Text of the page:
Titanic, Midnight

Sandra Beasley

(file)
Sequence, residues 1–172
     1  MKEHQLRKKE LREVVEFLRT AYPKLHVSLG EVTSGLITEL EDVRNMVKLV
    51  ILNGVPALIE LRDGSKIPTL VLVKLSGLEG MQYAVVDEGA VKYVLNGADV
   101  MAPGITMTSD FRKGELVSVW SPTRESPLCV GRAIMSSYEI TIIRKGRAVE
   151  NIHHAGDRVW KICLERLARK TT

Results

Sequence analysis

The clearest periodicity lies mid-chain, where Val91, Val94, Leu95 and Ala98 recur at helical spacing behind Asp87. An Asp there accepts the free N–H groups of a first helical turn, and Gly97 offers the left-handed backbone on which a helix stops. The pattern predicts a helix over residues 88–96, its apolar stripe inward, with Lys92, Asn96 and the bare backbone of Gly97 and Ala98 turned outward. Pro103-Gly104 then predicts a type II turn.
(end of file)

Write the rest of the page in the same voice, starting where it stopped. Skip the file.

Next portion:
As origin stories go, this is a good one — a dollar toward the cause from Col. John Jacob Astor’s own pocketbook, paid to Mrs. Archibald Forbes, settling up after their bridge game on the night of April 14. His body would be inventoried, as they all were: No. 124, male, about age 50, light hair and moustache. He wore a blue serge suit and a flannel shirt, “J.J.A.” on the collar. He wore brown boots, a belt with gold buckle, diamonds in his cuff links and ring. That’s not Astor depicted, arms thrown wide. Gertrude Vanderbilt Whitney is said to have based the face on her brother, who went down with the Lusitania. The figure designed by Whitney is only vaguely sexed, not clothed so much as draped. Erected by the Women of America, says the inscription, twenty-five thousand women who mailed in their dollar bills. The memorial disappeared after thirty years, reappearing down by Fort McNair. Officials explained this was to make way for the Kennedy Center, glad for the excuse. There had been miscalculations and, in 1936, an unusual snowmelt. No one could quite shake the memory of the Great Potomac Flood: waters lapping the feet, then the knees, waist, the lithe pectorals, before finally crowning his brow.


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